What Everyone Really Wants – Free Ebook

We’re often in situations of wanting to help and 
be kind to others, but of not knowing quite what  

they might be in need of. We’d like to deepen 
our connection to them and be of service, and  

yet lack a real grasp of what we could plausibly 
offer them; their minds seem impenetrable, their  

problems opaque. At such moments, we would do 
well to remember that we all possess a superpower,  

a capacity to give people something we can be 
sure they fundamentally require, founded on a  

primordial and basic insight into human nature: 
that all of us are in deep need of reassurance.  

Life is a more or less ongoing emergency 
for everyone. We are invariably haunted  

by doubts about our value, by concerns for 
our future, by shapeless anxiety and dread  

about things we’ve done, by feelings of 
guilt and embarrassment about ourselves.  

Everyday brings new threats to our integrity 
and except for very rare moments when we and  

the world feel solid, there is almost always 
a background throb of unwellness in our minds.  

It doesn’t matter whether they are old or young, 
accomplished or starting out, at the top of the  

tree or struggling to get by, we can count on one 
thing about anyone we meet: they’ll be beset by a  

sense of insecurity and, beneath some excellent 
camouflage, to a greater or lesser extent,  

of desperation. That means that, more than they 
perhaps even realise, they’ll be longing for  

someone to say something soothing to them, a word or two to make them feel that they have a right to exist,  

that we have some faith in them, that we know 
things aren’t always easy for them and that – in a  

vague but real way – we’re on their side. It could 
be a very small, and barely perceptible remark,  

but it’s effect might be critical: that something 
fascinating they said sticks in our minds,  

that we know the past few months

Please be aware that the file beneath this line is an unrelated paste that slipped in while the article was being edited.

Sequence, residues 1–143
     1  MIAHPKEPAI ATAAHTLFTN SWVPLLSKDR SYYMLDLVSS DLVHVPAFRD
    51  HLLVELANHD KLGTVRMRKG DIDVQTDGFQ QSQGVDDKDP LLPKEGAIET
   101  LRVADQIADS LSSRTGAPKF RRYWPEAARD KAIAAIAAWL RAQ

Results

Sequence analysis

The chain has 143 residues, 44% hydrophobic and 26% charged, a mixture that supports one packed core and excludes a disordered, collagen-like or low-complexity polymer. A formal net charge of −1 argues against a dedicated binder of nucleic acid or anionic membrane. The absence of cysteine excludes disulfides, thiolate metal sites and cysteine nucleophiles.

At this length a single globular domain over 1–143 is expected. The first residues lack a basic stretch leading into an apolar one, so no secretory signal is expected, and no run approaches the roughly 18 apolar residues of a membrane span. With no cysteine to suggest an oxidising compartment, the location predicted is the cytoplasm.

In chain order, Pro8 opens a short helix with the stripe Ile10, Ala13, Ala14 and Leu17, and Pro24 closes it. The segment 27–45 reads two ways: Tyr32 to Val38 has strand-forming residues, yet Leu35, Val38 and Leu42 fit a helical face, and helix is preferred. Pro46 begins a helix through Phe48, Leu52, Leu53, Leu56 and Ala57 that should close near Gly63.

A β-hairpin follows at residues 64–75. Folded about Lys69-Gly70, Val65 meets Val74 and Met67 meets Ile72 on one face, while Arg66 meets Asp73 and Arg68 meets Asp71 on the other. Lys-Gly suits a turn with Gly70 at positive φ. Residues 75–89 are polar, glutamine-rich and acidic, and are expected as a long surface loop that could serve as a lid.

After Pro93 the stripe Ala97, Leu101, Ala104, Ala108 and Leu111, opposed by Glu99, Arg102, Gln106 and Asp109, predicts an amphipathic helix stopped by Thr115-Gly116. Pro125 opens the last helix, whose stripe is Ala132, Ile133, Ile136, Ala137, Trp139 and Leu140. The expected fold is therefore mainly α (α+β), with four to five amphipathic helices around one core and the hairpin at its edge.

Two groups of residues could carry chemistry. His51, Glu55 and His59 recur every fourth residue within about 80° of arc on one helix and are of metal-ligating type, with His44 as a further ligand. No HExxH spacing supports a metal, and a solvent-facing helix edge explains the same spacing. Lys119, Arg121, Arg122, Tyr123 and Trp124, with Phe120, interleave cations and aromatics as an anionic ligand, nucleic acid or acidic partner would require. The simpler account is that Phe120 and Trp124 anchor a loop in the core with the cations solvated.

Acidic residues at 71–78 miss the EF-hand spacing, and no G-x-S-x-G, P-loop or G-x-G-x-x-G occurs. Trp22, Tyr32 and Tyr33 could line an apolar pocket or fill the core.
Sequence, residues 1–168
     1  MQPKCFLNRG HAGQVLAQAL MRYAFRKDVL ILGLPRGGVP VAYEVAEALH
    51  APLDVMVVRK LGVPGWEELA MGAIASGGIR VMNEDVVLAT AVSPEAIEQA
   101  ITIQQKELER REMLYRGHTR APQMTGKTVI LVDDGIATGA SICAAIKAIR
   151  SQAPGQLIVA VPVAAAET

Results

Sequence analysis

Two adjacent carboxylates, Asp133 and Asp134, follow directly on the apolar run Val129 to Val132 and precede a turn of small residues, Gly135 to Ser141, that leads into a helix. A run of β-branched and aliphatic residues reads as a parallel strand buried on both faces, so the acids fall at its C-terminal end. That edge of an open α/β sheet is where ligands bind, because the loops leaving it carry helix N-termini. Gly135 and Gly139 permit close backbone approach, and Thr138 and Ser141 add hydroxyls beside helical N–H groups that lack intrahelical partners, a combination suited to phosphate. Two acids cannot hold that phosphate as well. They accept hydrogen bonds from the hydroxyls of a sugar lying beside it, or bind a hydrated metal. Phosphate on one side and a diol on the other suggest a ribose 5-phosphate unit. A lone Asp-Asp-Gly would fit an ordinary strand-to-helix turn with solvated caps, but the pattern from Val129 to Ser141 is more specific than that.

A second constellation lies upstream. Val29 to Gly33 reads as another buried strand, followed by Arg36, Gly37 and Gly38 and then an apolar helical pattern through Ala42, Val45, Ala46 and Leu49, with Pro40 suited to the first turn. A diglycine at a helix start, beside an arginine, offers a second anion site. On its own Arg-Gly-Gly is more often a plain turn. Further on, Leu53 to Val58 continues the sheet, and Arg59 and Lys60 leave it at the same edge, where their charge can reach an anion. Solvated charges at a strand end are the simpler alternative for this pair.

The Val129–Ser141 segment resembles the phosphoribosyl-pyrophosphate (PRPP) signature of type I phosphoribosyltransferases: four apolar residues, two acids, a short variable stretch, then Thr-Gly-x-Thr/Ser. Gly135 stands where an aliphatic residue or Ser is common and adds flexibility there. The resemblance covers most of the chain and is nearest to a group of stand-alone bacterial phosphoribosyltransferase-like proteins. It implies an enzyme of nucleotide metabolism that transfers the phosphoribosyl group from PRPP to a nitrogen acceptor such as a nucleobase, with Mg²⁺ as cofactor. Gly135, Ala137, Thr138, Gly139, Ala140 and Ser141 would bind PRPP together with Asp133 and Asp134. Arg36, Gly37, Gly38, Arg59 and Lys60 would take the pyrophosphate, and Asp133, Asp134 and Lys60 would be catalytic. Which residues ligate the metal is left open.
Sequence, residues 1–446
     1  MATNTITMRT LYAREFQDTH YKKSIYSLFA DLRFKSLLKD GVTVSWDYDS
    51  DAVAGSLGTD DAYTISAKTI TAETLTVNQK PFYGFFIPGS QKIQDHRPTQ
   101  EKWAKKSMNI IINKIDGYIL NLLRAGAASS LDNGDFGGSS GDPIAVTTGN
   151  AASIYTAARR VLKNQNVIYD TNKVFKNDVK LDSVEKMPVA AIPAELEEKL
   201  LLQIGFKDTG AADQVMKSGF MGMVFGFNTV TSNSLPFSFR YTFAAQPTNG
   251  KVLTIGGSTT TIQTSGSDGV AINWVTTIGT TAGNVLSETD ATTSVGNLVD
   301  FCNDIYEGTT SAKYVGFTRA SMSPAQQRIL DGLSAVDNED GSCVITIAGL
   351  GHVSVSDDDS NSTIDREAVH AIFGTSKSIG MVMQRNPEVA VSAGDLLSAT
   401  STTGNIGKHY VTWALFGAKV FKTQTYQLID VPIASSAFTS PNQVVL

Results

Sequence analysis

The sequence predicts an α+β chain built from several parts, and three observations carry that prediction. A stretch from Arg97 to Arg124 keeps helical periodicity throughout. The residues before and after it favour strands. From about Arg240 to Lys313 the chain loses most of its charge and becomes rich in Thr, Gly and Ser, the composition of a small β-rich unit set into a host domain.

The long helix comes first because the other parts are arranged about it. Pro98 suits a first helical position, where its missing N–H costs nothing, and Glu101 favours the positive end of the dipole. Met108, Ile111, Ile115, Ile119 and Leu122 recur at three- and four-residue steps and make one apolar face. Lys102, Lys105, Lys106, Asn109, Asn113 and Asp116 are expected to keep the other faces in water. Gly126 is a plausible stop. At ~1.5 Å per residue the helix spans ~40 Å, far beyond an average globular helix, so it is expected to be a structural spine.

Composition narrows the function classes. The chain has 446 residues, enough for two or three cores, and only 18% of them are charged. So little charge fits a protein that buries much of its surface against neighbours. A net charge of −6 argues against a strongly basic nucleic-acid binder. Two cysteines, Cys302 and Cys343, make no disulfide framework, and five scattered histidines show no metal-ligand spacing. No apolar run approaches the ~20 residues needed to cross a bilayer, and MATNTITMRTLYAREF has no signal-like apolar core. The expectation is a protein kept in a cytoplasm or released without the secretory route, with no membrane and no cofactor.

might not have been simple for them,  

that we’ve found ourselves thinking of them 
since our last meeting, that we’ve noticed and  

admire the way they go about things, that 
they deserve a break and are, we can see,  

carrying so much. It’s easy to mistake the work of 
reassurance with flattery. But flattery involves  

a lie to gain advantage, whereas reassurance 
involves revealing genuine affection – which we  

normally leave out from embarrassment – in order 
to bolster someone’s ability to endure. We flatter  

in order to extract benefit, we reassure in order 
to help. Furthermore, the flatterer tells their  

prey about their strengths; the reassurer 
does something infinitely more valuable:  

they hint that they have seen the weaknesses, 
but have only tolerance and compassion for them  

on the basis of sharing fully in comparable ones 
themselves. ‘I think you’re going to be fine’;  

‘everyone goes through things like these’ ‘you 
have nothing to be ashamed of…’ The words we  

need to say to reassure aren’t new, they can 
be the most apparently banal of sentences,  

but we need to keep hearing them because our 
minds are extremely bad at holding on to their  

nourishing truths. They are, furthermore, 
lines that are a great deal more valuable and  

inclined to stick if someone else addresses 
them to us than if we try to rehearse them  

by ourselves. In 1425, the Florentine artist 
Masaccio painted a rendition of Adam and Eve’s  

expulsion from the Garden of Eden on the walls 
of Florence’s Church of Santa Maria del Carmine.  

We need not believe in any of the supernatural 
aspects of Genesis to be profoundly moved by the  

horror stricken faces of the banished couple. 
And if we are so, it is because what we see is  

a version of an agony that is essentially 
universal – for all of us have effectively  

been cast out of the realm of comfort and plenty 
and obliged to dwell in the lands of uncertainty,  

humiliation and grief. All of us are beset 
by woes, all of us are worried to the core,  

longing for rest and in urgent need of forbearance 
and gentleness. Part of the responsibility of  

living in a time that broadly no longer believes 
in divine reassurance is that we are each of us  

given a role to play in delivering part of that 
reassurance ourselves, to our fellow sufferers,  

in ordinary moments of our ordinary lives. 
We cannot generally know the precise details  

of other people’s travails, but we can always 
be sure of a few vital things from the outset:  

that they are at some level in a mood of pain 
and self-suspicion, that certain very big  

things will not have gone right, that there 
will be intensities of loneliness, anxiety  

and shame at play, and that it could hence make a 
very big difference indeed if we were able to say  

something, however modest and even unoriginal, 
to bring a little reassurance into their day.

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